Versatile musician Peter Kaukonen talks about the Blues, Bohemian San Francisco era, and his travels

"I’d say that the world is round; we all breathe the same air; people who have less can be nicer than people who have a lot and...if you look around you can always find something good to eat and something really good to listen to..."

Peter Kaukonen: World Music Traveler

Peter Kaukonen, San Francisco Bay Area guitarist, has played, toured, and recorded with Black Kangaroo, Jefferson Airplane, Jefferson Starship, and Johnny Winter. He continues to compose and record the kinds of eclectic and personal music that has attracted and sustained legion of stalwart fans through the years. Now he is pleased to showcase projects spanning the decades, from Black Kangaroo in the 70s to his most recent releases "Going Home" and "Beyond Help!" These projects feature his acoustic and electric guitar virtuousity while showcasing his skills as a composer and producer. Highlighted by emotion, driven by passion, and frosted with whimsy, this is music that's guaranteed to take you on a trip. Peter Kaukonen was born in 1945. His father was a diplomat, a talent that seems to have passed Peter by. He grew up in Pakistan and the Philippine Islands and has lived in  Sweden, Iowa, Italy, and New Jersey. His family was musical and literate, their tastes eclectic, but listening to their records of music from Bach and Bali was nothing like listening to the sounds that he heard coming off of the streets in Karachi.

Photo by Lin Porter

He finished high school in Connecticut, where he started playing guitar, teaching himself to flatpick and fingerpick folk music and blues. In 1963 he moved to California to attend Stanford University. He majored in biochemistry, human sexual behavior, and primitive music, not one of which appeared on the curriculum. He played the Bay Area folk circuit with folks who went on to become the Quicksilver Messenger Service, the Grateful Dead, and Jefferson Airplane. He has played, toured, and recorded with Johnny Winter, Jefferson Starship, Jefferson Airplane, Hot Tuna, Link Wray, and his own Black Kangaroo. Recently "Don’t Fret" became words to live by when arthritis rendered his fretting hand hors de combat for four years. He dealt poorly with the ensuing existential challenges, but recent surgery has corrected the crippling conditions, and he continues composing his deeply personal, engaging, challenging, and eclectic music, which he records in his own facilities. He lives with his wife and twin sons in Mill Valley, California, where he bicycles preposterous distances on and off the road and takes great pleasure in growing roses. Peter's new album "Crazy Quilt", released by Floating Records on February 2018. The thirteen original tracks on Crazy Quilt chronicle Kaukonen's visions, views, and musical musings with the random pattern that defines life.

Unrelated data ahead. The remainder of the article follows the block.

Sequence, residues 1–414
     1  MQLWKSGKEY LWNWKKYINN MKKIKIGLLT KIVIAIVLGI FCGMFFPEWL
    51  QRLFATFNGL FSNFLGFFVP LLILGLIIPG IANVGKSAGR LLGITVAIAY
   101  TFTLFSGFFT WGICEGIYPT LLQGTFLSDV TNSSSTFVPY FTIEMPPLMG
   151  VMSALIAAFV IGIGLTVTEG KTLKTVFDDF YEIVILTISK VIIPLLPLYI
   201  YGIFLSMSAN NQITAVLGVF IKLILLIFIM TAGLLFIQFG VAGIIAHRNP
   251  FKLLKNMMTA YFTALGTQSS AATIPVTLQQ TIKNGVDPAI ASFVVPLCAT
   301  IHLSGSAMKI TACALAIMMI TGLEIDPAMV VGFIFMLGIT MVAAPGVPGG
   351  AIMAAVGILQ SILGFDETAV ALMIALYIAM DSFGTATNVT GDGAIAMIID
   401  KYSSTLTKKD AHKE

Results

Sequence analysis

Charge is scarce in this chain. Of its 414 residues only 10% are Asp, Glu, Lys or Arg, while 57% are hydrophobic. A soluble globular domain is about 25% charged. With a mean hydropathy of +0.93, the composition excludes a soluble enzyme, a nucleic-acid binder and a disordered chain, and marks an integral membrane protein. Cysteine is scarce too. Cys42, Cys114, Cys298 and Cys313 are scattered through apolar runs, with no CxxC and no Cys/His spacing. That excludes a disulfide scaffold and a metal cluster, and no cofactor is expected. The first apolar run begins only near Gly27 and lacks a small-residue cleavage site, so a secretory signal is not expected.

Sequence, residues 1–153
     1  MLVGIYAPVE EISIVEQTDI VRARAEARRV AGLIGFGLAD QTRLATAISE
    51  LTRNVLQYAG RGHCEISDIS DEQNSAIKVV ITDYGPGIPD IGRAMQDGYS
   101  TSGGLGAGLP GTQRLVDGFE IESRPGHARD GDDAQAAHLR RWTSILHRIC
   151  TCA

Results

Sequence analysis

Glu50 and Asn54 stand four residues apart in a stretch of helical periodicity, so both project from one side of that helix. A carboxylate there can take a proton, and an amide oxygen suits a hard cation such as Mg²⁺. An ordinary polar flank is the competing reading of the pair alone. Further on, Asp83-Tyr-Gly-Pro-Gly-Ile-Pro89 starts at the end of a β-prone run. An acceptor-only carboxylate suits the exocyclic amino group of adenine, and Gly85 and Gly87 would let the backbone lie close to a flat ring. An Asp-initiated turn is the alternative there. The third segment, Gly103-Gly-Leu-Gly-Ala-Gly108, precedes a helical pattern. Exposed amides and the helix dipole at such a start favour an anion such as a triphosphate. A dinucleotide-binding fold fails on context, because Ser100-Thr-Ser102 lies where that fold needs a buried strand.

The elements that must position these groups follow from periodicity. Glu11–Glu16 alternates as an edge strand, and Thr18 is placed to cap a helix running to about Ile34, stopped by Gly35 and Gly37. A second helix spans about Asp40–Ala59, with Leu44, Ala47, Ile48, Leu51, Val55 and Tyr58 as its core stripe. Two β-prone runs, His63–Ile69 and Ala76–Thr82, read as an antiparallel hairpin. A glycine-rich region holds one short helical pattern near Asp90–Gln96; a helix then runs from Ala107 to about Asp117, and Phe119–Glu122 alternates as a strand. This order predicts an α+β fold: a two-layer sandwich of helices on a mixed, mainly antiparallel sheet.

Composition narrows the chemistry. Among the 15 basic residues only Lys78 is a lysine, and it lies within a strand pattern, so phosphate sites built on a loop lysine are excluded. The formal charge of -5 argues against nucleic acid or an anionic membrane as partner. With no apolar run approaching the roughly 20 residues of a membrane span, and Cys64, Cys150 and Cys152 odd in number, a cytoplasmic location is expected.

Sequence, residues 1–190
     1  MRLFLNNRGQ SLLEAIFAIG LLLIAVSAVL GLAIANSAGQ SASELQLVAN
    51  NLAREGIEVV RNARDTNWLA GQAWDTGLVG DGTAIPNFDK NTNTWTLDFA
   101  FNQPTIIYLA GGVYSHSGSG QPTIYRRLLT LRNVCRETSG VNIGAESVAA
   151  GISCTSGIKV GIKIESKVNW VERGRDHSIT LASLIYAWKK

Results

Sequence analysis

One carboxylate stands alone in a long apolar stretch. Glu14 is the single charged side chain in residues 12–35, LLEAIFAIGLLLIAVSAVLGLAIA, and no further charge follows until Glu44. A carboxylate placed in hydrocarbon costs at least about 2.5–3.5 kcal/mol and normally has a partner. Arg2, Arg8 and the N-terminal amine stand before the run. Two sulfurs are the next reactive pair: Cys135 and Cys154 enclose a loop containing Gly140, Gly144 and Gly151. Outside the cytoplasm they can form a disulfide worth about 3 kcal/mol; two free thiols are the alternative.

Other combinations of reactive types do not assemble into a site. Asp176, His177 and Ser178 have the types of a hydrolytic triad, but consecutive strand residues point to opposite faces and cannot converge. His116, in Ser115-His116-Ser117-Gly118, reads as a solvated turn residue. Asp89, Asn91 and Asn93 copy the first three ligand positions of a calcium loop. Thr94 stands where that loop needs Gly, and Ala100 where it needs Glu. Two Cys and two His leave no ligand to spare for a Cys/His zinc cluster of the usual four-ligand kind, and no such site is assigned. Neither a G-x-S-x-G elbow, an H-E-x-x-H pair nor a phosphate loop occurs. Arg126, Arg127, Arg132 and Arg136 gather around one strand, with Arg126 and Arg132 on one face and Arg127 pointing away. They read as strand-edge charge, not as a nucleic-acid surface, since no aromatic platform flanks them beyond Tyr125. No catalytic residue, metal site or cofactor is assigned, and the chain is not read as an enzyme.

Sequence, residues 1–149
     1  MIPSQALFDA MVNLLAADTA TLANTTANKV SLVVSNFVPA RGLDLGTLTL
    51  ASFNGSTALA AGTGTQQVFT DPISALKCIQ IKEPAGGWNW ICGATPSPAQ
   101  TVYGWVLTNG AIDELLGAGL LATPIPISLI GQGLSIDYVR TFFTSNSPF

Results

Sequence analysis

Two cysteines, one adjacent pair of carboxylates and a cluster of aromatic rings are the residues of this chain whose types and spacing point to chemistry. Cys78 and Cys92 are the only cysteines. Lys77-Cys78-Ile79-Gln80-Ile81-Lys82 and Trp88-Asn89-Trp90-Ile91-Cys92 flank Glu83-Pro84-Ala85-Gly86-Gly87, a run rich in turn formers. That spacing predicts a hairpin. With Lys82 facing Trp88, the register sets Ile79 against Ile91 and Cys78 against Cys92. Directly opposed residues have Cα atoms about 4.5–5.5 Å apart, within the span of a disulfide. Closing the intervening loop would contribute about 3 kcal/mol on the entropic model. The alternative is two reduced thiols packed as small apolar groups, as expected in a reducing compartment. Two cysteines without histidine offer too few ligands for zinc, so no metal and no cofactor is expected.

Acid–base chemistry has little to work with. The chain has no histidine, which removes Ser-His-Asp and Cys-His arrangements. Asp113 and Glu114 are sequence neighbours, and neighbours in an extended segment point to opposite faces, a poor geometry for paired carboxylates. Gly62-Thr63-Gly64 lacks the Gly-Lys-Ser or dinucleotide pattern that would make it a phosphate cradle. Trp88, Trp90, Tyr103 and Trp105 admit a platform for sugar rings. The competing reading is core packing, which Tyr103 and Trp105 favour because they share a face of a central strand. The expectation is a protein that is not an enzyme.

Interview by Michael Limnios

Peter, you’ve been playing music since you were fifteen and you have gold records and a Ph.D. in psychology: would you talk to me about your creative processes? where and how did some of the material on "crazy quilt" come to be?

Damn, now "that’s a good question" which is, oddly enough, one of the songs on "Crazy Quilt" ... damn, Michael; that’s a great question and one I’m glad you asked ... let’s see ... I built a very comprehensive recording studio in my house a while back ... in it I have three synthesizer keyboards including a Kurzweil 88 key controller and a 1987 analog Roland synth; I have three additional synth modules and an 1896 Steinway upright ebony grand piano ... I have over forty acoustic and electric six and twelve-string guitars, nine electric and acoustic four, five, and six string basses, a 1916 Gibson mandolin; a bouzouki and a kantele and a requinto, along with lots of percussion ...I have some very nice microphones and some very nice tube preamps for them .... what I’m saying is that when I want to tell stories and paint pictures with sound I have a pretty extensive palette with which to work ...so I don’t sit down and think to myself, "lawwwwse, ah’s sho’ feelin’ poorly this mo’nin’! ah gots the bloooze!" instead I might think something about how life often doesn’t turn out for people the way they planned; that maybe getting old means getting lonely and getting isolated and getting sick and getting depressed and dying without love or loved ones (this doesn’t happen to people in America, which is the best country in the best of all possible worlds) ... does this count as "blues?" do you think that’s a little bit more profound than feeling bad because your "baby left you" and you can’t get laid? because that’s what "bobby gets old," which is on the album, is about ... what about having twin boys and being kept up, night after night after night, because of feeding schedules and crying and cleaning the shit out of the diapers? when our boys were born my wife and I just kept going around and ‘round and ‘round and ‘round and ‘round, and that led to "sleep deprived ..." I don’t think that any of your "categories" describe that piece of music which, to me, describes getting up at 1 in the morning and not getting back to bed until 5, and then getting up and doing it all over again ... so ..."Crazy Quilt" is a crazy quilt because it is unlike most recorded albums, which are recordings of twelve similar songs that are generally written and recorded by the same people in a finite period of time, resulting in homogeneity with variation ... "Crazy Quilt" didn’t come about because I thought I’d write some "folk music" and mix it up with some "jazz" and add some "rock;" it came about because there were stories I wanted to tell and pictures I wanted to paint; the pieces are different in instrumentation and recorded sound because they are different stories and different pictures, done at different times with different instruments, with ever increasing familiarity with my studio and its technology: I did them because I wanted to create something, not because I wanted to cut out a jigsaw puzzle piece that would fit into a pre-existing and limiting category and, as we discussed in our previous conversations, what’s really important is the emotion in a piece of music ... I worked to get purity of intent and emotional integrity into the pieces on "Crazy Quilt," plus I wanted them to sound good, and I like to think that I succeeded ... I hope you feel that, too ...